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Wealthy Father Doesn’t Have To Pay Child Support

father's rights attorneyIn a recent decision an Appellate Court in New York State held a father who has custody of his son during the majority of the year has no obligation to pay child support to the child’s mother even though the father has in excess of $20 million in assets and the mother had no income!

In the case of Rubin vs. Della Salla 350047/09, the Appellate Division (an appeals court) of the First Department held Anthony Della Salla who has custody of his son 56% of the year is the child’s custodial parent. Since he was the child’s custodial parent, he cannot be ordered to pay child support even though the mother is penniless and he has $20 million in assets.

History Of The Case

The couple was never married. The child was born in 2003. The couple broke up in 2007. The boy lived with his father most of the time. During the 2008-2009 calendar year, the parties reached an agreement wherein Della Salla took the boy to school most school days and had custody of him most weekends and holidays.

In the year 2009, Ms. Rubin filed an action against Della Salla seeking sole custody and requesting he pay child support. Rubin had been unemployed since 2001 and had no income. Della Salla had voluntarily been providing her with money. However, he reduced the amount of money he had been giving her in 2008 to force her to obtain employment.

Initial Pendent Lite Support Order

Supreme Court Justice Ellen Gesmer had originally granted the application brought on by an application for Pendente Lite Child Support (temporary child support motion). She ordered Della Salla to pay $5,000 a month in child support. He had complied with this order.

A trial was held and Judge Gesmer awarded Della Salla residential custody of the child during the school year with Rubin having custody on alternate weekends and Thursday nights. Rubin also had legal custody concerning educational and medical decisions. In the summer, the schedule was reversed. Della Salla would have custody on Thursday nights and alternate weekends and Rubin would have custody the rest of the time. All vacations were evenly split.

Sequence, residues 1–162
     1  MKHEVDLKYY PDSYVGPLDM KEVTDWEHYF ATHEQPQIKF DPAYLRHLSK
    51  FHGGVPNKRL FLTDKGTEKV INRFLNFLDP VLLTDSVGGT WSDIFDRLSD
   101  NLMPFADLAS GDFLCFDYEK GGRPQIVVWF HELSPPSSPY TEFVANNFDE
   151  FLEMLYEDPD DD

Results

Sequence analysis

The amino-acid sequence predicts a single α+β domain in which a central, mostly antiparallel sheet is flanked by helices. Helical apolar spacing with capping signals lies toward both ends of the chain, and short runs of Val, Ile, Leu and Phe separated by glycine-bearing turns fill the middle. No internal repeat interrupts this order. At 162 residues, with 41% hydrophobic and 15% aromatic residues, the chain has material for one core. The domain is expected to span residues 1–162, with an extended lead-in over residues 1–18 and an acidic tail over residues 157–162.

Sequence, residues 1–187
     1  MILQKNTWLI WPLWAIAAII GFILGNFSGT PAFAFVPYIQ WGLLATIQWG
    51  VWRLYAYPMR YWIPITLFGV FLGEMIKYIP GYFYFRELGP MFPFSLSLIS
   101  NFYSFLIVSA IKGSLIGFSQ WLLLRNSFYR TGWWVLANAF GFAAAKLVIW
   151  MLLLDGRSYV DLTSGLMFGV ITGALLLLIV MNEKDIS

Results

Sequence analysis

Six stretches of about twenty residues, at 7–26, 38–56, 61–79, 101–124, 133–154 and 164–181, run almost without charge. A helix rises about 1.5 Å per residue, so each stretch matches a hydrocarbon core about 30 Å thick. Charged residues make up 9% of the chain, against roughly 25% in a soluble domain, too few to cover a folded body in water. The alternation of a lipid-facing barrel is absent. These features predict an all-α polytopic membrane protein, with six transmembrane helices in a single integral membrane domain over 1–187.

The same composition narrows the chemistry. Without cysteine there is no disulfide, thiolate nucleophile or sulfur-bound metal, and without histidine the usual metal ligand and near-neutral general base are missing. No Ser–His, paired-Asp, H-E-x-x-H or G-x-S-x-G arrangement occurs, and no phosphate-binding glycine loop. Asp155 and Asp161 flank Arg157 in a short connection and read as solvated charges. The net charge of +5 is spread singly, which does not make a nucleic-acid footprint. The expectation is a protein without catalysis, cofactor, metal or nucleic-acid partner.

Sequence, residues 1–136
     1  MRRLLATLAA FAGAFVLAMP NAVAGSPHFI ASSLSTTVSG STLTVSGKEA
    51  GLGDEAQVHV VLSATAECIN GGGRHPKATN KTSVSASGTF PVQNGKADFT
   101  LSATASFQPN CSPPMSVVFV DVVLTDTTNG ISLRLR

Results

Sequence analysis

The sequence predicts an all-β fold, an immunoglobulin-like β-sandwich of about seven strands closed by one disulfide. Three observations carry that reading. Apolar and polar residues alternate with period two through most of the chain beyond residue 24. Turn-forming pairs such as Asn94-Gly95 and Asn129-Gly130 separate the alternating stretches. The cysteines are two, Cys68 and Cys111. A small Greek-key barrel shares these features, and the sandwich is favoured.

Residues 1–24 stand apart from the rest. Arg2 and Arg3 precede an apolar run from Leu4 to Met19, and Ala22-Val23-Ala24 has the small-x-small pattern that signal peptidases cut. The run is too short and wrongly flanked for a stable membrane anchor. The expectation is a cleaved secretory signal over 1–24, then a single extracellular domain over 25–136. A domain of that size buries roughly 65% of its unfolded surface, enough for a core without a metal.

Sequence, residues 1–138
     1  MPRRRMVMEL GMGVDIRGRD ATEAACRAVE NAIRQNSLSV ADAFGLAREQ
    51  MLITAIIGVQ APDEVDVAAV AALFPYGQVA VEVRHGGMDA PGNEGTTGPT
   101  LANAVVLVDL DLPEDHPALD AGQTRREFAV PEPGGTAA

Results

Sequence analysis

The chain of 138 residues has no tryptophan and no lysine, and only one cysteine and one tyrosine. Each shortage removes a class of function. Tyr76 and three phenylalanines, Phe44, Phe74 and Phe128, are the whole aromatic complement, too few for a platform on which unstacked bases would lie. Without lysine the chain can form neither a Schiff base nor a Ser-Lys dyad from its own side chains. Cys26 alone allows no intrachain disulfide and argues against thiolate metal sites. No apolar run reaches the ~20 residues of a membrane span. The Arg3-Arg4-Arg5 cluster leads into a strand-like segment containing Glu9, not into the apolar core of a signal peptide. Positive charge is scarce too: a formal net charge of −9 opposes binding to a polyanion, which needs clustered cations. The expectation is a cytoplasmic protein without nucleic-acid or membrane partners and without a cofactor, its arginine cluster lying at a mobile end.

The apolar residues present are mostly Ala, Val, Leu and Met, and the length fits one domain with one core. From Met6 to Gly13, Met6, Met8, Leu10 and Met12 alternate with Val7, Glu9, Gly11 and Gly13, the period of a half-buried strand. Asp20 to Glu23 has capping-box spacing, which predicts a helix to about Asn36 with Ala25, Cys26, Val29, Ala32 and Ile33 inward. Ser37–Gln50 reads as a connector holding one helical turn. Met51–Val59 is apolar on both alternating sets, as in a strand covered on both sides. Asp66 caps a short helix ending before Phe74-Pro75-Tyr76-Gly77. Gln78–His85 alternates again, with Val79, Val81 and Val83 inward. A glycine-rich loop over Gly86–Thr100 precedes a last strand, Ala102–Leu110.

Della Salla made an application to the court to dismiss Rubin’s claim for child support. He argued if he was the custodial parent he could not be compelled to pay child support. Justice Gesmer denied the motion. Both of the parties appealed. The Appellate Division in the First Department affirmed the custody finding. They found Judge Gesmer was mistaken in granting Della Salla’s application for child support. Since the son spent 56% of his time with his father and 44% of his time with his mother, the father was the de facto custodial parent. The court stated under the CSSA’s (Child Support Standards Act) plain language, “only the non-custodial parent can be directed to pay child support.”

Victory For Father’s Rights

The Appellate court made the right decision. Child support should only be paid by the non-custodial parent to the custodial parent. In this case, the mother sought to punish the father for his success. The purposes of child support is not to subsidize a mother’s life. Child support should only be used to help support the child while he or she is living with the custodial parent. This case is a significant victory for father’s rights.advocates for fathers

About Elliot S. Schlissel

Elliot S. Schlissel, Esq. has spent more that 30 years representing individuals in matrimonial and family law cases.